Manufacturing & Health
There are over 12 million manufacturing workers in the United States, representing almost 9 percent of the workforce. Manufacturing workers have historically earned higher wages than similar workers in other industries, and are more likely to be offered health insurance. However, manufacturing workers and communities have higher rates of:
- Physical Inactivity/Obesity
- Binge Drinking
- Inadequate Sleep
- Cardiovascular Deaths
The goal of the Manufacturing and Health Research Program is to generate evidence to improve the health of manufacturing employees and communities while also improving the value of health spending for companies.
What We Do
- Design and evaluate interventions to improve the value of health spending by employers
- Conduct interviews and focus groups with company leaders, managers and frontline employees to obtain perspectives on emerging issues
- Assess the current state of evidence on health and wellness benefit designs and other workforce policies
- Monitor trends in community health and estimate the impact of community health on company success
- Analyze company health claims to identify areas for improvement in benefit design and employee health
Healthy Hearts in Manufacturing. Currently ongoing, the Healthy Hearts in Manufacturing study will introduce evidence-based interventions for hypertension and tobacco cessation in 12 randomly selected worksite clinics that serve manufacturing workers and their families. We will evaluate whether HHM is associated with improved hypertension control and tobacco screening and cessation intervention, and estimate the health care savings for the companies and Medicare. For more information, please visit the Healthy Hearts in Manufacturing Website.
Manufacturing and the COVID-19 Pandemic. Our team has demonstrated that closure of large manufacturing plants during the COVID-19 pandemic was associated with reduced community spread of the COVID-19 virus. We have also described the actions used by large manufacturers to promote uptake of COVID-19 vaccines, and factors that facilitated and hindered coordination with local public health departments. Additionally, doctoral student Alexandra Harris led a publication showing that large manufacturers are well-positioned to amplify public health messages like the uptake of COVID-19 vaccines.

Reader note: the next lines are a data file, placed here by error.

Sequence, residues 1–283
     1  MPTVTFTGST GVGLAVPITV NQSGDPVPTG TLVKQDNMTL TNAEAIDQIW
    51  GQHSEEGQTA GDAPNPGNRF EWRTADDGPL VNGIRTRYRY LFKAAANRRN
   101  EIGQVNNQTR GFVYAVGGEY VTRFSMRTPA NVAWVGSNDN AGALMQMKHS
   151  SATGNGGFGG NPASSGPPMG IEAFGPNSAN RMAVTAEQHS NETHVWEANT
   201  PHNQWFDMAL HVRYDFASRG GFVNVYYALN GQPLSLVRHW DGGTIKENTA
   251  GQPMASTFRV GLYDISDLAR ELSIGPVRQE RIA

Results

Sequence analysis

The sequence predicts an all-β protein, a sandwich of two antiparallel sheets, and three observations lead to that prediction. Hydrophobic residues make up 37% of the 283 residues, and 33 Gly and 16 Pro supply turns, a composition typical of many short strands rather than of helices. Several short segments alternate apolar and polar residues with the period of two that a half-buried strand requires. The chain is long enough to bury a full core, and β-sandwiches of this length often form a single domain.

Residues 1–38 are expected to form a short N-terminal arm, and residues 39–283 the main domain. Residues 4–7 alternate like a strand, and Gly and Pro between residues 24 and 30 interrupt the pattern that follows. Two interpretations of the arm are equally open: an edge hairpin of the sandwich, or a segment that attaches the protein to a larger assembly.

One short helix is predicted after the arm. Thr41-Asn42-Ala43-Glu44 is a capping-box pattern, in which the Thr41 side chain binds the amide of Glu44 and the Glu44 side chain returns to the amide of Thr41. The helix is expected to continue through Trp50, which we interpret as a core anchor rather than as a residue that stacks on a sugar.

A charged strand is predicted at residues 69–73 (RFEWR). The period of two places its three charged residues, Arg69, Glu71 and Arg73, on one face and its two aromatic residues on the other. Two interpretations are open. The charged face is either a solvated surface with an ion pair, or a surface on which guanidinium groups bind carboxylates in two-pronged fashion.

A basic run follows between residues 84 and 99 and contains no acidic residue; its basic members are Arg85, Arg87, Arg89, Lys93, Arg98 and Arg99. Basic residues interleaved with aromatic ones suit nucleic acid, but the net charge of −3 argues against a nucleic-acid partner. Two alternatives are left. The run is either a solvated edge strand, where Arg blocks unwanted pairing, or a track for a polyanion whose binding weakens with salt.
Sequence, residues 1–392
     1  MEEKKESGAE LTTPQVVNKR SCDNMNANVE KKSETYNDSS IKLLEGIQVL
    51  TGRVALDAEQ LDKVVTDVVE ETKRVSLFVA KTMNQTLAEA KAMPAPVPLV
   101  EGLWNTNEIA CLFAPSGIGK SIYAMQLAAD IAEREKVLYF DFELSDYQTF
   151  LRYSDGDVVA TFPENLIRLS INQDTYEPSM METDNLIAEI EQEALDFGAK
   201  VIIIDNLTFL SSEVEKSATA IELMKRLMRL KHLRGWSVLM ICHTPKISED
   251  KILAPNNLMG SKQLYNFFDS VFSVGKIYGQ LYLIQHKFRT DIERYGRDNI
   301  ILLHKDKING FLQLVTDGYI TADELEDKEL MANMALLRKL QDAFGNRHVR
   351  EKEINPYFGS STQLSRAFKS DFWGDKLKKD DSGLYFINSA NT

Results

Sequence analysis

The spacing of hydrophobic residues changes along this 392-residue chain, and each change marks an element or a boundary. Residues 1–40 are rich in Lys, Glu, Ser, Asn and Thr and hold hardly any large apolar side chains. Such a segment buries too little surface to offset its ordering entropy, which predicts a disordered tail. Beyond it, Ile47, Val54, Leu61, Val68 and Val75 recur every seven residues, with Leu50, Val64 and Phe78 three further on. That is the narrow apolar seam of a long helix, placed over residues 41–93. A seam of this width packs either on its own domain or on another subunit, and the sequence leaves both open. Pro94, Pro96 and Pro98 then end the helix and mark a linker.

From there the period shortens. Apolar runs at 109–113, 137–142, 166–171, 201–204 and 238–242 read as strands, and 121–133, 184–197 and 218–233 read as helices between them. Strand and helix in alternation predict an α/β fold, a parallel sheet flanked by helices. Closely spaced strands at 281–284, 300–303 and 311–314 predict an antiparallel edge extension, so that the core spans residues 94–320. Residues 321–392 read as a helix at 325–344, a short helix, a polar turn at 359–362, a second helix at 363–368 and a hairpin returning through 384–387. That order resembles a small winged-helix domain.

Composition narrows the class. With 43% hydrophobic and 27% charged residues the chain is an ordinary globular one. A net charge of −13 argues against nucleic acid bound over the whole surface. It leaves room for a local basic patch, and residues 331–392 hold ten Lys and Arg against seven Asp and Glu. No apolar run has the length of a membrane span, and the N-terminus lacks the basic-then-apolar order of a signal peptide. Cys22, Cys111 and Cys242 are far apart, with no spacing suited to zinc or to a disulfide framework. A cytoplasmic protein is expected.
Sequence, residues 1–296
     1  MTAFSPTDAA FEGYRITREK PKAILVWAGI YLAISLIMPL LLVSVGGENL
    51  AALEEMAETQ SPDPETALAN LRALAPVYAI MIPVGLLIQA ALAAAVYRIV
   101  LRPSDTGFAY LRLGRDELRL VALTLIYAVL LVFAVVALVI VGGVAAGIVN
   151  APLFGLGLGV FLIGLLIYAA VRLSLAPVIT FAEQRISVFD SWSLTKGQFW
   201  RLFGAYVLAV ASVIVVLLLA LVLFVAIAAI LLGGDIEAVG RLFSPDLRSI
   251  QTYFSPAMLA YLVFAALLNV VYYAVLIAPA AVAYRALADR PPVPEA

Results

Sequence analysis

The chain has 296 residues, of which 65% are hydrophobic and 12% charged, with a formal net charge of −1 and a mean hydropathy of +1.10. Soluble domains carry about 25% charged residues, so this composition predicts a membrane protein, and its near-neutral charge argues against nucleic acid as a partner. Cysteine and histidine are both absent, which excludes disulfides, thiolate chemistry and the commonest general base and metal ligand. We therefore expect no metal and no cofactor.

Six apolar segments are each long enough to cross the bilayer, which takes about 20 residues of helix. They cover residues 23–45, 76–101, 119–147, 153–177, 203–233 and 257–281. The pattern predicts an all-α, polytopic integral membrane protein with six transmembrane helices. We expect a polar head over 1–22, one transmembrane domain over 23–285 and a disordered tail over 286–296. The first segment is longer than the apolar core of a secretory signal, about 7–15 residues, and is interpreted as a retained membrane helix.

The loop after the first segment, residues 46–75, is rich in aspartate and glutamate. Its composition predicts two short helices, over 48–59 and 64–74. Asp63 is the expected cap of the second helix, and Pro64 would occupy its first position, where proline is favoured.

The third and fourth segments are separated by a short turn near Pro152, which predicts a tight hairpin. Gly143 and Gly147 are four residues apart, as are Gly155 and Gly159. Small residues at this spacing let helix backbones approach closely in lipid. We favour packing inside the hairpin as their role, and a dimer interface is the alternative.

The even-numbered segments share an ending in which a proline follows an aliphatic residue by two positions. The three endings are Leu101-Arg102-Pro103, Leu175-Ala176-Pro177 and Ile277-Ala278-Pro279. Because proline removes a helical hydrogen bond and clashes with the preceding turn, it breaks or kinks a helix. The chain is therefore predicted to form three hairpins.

Shift Work and Health. Our team has demonstrated that shift work is detrimental to the well-being of workers, physically and socially. Doctoral student Adovich Rivera conducted a meta-analysis demonstrating the link between shift work and several chronic health conditions. Our team has also shown that shift work leads to higher health care costs for employers.
Manufacturing and Public Health. Our research has shown that the health of the community can influence the productivity of manufacturing workers. Our team has also demonstrated that large businesses are investing in public health through corporate philanthropy, but those efforts are usually not coordinated with local public health leaders.
Authors: McHugh, Ye, Maechling, and Holl
Authors: McHugh, Farley